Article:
life after roe

Are Anti-Abortion Voters Tuning Out After the Fall of Roe?

These activists excited by the reversal of Roe v. Wade may find something else to do if their states ban abortion. Photo: Brandon Bell/Getty Images

For 49 years, many pro-choice Americans tuned out anti-abortion agitation in Congress, state legislatures, and the campaign trail, sure in their knowledge that the Supreme Court would block virtually all pre-viability abortion restrictions. Yes, the anti-abortion lobby was constantly pushing laws and regulations designed to shut down clinics and generally restrict access to abortions. But it seemed safe to presume that the procedure would mostly remain legal.

But, of course, the end of Roe v. Wade a little over a year ago completely upended those presumptions and abortion’s issue salience in elections. People on both sides of the issue are currently highly mobilized in certain states where reproductive rights are changing drastically owing to the Supreme Court’s Dobbs ruling. But generally speaking, it’s those who have lost abortion rights who seem most energized. Indeed, as a new analysis from FiveThirtyEight explains, conservative Evangelicals’ traditional passion on the abortion issue has now been matched and even exceeded by Americans who are not religiously affiliated and who are strongly united in favoring legalized abortion:

Pew found that in 2020, only 31 percent of nonreligious Americans said abortion would be very important in deciding how they would vote; in 2022, more than 6 in 10 (63 percent) said abortion would be very important. In that same period, the share of white evangelical Protestants who said abortion was a very important voting consideration fell by 7 points …

And a Pew survey found last year that religiously unaffiliated Americans are much more united in support for legal abortion than white evangelicals are in opposition (84 percent vs. 74 percent, respectively). 

But these are all national numbers. Fifteen states have banned all or most abortions. Five other states have draconian bans at least temporarily hung up in the courts. And four more have less draconian but still restrictive abortion bans in place. So who is likely to be marching in the streets in those states? Probably not the happy, perhaps complacent, winning side. And that could matter in 2024, as FiveThirtyEight notes:

What about white evangelical Protestants? Abortion is still clearly an important issue to many of them, even if it appears to have declined in salience in the aftermath of the Dobbs decision. But in a swift reversal, the issue of abortion is now much more complicated on the right than on the left. Evangelicals disproportionately live in places where abortion is now banned or heavily restricted, so it may become less of a political priority for them because the anti-abortion movement has accomplished its goals in their area. And while it’s true that white evangelicals strongly oppose abortion, there is not universal support for complete bans that some states have implemented.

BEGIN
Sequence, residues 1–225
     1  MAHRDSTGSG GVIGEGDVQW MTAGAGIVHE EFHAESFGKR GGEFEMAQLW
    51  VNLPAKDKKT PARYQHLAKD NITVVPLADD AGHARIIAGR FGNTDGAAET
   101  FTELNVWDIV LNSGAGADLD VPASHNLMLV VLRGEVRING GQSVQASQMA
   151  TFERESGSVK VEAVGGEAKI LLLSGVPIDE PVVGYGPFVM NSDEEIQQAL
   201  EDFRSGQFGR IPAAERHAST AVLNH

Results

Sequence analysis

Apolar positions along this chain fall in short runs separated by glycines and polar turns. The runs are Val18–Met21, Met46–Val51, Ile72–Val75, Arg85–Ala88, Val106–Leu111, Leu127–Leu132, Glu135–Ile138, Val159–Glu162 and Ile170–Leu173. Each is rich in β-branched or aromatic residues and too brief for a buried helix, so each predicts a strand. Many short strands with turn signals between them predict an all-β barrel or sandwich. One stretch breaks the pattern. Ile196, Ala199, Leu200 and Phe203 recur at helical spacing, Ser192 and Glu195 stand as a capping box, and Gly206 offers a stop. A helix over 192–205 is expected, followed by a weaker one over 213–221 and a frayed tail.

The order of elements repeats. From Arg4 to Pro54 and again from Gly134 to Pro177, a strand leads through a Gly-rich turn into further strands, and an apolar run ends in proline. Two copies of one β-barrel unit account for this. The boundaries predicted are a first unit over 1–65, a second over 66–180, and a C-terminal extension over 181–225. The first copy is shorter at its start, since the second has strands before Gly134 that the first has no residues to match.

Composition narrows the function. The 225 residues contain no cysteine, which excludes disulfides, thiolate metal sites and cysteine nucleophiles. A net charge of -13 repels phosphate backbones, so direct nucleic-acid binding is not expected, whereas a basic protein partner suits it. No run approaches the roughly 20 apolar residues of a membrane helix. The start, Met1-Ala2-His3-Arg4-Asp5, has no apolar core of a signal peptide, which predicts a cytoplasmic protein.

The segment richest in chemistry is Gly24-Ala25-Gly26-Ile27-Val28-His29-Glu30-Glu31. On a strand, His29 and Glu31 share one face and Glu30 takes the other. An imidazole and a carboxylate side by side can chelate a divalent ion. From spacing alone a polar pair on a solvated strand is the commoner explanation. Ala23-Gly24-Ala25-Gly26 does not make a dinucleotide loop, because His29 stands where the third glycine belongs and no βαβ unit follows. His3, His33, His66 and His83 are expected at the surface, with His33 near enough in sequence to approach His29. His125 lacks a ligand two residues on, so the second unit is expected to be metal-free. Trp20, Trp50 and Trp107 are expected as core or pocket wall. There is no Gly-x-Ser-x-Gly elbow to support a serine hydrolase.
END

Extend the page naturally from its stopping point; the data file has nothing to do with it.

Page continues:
It could even matter during the 2024 Republican primaries, in which candidates are already debating controversial topics like the necessity of a national abortion ban that would override less restrictive state policies. For example, abortion was traditionally a very big issue in the Iowa caucuses, which begins the GOP nominating process. Right now, that state has a six-week abortion ban that has been blocked by the Iowa Supreme Court. If it remains blocked, a national ban may be more attractive to anti-abortion voters frustrated by the difficulty they’ve encountered in securing a ban. If Iowa governor Kim Reynolds and Republican legislators can get a ban through the state courts, though, a national ban may seem less urgent. Similar calculations may play out in other key primary states as the 2024 contest unfolds.

Abortion-rights activists could complicate things in red states as well: A strong effort is underway in Florida to put a constitutional amendment that would overturn Ron DeSantis’s six-week abortion ban on the 2024 ballot. It’s not a good look for the governor to be fighting that effort at home as he is barnstorming around the country advertising Florida as a sort of conservative Eden.

Due to the Dobbs decision, we’re heading into the 2024 election with a seething and uncertain reproductive-rights landscape. Momentum seems to be on the side of abortion-rights voters who are angry at the Supreme Court and reactionary governors, legislators, and presidential candidates. But the path ahead will be treacherous for anyone who assumes too much about the electoral impact of this drastic change in Americans’ fundamental rights.

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Are Anti-Abortion Voters Tuning Out After the Fall of Roe?